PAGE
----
Thursday, December 30, 2010
Louise Erdrich Reruns: Advice to Myself & Grief
I love these poems so much, I'm going to repost them. I posted them early this year, in January. I was just reading the comments from Renee and reminiscing about how terribly fragile life is. Blessings---
Advice to Myself
By Louise Erdrich
Leave the dishes.
Let the celery rot in the bottom drawer of the refrigerator
and an earthen scum harden on the kitchen floor.
Leave the black crumbs in the bottom of the toaster.
Throw the cracked bowl out and don't patch the cup.
Don't patch anything. Don't mend. Buy safety pins.
Don't even sew on a button.
Let the wind have its way, then the earth
that invades as dust and then the dead
foaming up in gray rolls underneath the couch.
Talk to them. Tell them they are welcome.
Don't keep all the pieces of the puzzles
or the doll's tiny shoes in pairs, don't worry
who uses whose toothbrush or if anything
matches, at all.
Except one word to another. Or a thought.
Pursue the authentic-decide first
what is authentic,
then go after it with all your heart.
Your heart, that place
you don't even think of cleaning out.
That closet stuffed with savage mementos.
Don't sort the paper clips from screws from saved baby teeth
or worry if we're all eating cereal for dinner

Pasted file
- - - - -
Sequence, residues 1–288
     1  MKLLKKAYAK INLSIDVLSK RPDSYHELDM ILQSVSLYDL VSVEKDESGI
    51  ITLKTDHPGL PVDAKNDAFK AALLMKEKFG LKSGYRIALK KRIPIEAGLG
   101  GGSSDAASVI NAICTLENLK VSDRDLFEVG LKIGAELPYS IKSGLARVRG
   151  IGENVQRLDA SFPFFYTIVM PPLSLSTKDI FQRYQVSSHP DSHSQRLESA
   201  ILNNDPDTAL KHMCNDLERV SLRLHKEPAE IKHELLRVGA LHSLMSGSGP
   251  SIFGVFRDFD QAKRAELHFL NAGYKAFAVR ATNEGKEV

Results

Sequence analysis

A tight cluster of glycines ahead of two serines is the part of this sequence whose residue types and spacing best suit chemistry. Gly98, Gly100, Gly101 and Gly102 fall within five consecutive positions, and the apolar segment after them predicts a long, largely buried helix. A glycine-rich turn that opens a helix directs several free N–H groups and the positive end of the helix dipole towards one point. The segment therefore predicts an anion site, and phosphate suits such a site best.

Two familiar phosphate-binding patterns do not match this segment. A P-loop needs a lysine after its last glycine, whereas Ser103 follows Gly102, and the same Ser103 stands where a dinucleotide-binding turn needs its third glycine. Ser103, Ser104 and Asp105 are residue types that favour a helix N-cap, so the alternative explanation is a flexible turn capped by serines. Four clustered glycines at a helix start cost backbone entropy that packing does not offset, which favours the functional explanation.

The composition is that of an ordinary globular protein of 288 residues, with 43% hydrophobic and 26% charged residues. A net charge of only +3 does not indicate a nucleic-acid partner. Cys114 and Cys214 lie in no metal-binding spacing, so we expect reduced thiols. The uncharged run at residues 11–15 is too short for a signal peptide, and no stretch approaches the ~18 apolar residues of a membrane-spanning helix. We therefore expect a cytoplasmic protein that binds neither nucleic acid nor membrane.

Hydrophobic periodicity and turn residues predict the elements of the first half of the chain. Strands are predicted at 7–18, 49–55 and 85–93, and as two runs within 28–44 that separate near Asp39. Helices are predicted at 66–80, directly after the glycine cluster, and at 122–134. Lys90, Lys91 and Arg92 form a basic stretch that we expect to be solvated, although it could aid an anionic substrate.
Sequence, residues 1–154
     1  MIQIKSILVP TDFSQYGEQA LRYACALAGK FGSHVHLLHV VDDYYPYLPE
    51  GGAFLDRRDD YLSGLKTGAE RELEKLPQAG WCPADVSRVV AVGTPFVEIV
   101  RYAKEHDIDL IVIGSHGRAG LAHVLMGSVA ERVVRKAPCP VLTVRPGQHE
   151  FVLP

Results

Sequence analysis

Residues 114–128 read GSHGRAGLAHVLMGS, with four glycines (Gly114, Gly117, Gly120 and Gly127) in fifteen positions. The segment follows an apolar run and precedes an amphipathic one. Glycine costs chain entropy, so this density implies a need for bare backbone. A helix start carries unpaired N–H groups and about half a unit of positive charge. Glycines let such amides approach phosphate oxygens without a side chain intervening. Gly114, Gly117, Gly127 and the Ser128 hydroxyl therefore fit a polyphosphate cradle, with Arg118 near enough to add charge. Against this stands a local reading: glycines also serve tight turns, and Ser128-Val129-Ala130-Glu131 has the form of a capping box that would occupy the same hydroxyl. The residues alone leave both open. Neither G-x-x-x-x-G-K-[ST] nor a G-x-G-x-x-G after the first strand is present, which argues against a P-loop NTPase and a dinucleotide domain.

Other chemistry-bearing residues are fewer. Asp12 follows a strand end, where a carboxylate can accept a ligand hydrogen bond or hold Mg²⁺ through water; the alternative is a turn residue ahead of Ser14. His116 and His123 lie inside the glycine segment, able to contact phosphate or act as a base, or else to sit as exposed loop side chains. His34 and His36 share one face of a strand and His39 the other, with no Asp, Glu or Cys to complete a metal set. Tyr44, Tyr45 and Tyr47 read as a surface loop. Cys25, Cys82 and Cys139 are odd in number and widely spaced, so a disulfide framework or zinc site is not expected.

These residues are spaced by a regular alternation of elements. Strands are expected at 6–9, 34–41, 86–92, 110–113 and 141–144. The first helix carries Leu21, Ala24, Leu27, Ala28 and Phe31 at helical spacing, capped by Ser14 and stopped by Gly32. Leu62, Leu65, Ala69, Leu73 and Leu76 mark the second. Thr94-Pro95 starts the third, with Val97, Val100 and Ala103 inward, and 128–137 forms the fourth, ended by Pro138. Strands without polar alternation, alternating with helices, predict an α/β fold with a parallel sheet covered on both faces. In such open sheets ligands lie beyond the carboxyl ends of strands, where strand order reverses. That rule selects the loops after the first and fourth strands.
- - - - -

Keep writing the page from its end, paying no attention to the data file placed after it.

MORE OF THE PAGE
again. Don't answer the telephone, ever,
or weep over anything at all that breaks.
Pink molds will grow within those sealed cartons
in the refrigerator. Accept new forms of life
and talk to the dead
who drift in though the screened windows, who collect
patiently on the tops of food jars and books.
Recycle the mail, don't read it, don't read anything
except what destroys
the insulation between yourself and your experience
or what pulls down or what strikes at or what shatters
this ruse you call necessity.
~From: "Original Fire: New and Selected Poems", page 149
By Louise Erdrich
Sometimes you have to take your own hand
as though you were a lost child
and bring yourself stumbling
home over twisted ice.
Whiteness drifts over your house.
A page of warm light
falls steady from the open door.
Here is your bed, folded open.
Lie down, lie down, let the blue snow cover you.
"But words are things, and a small drop of ink, falling like dew upon a thought, produces that which makes thousands, perhaps millions, think." ~Lord Byron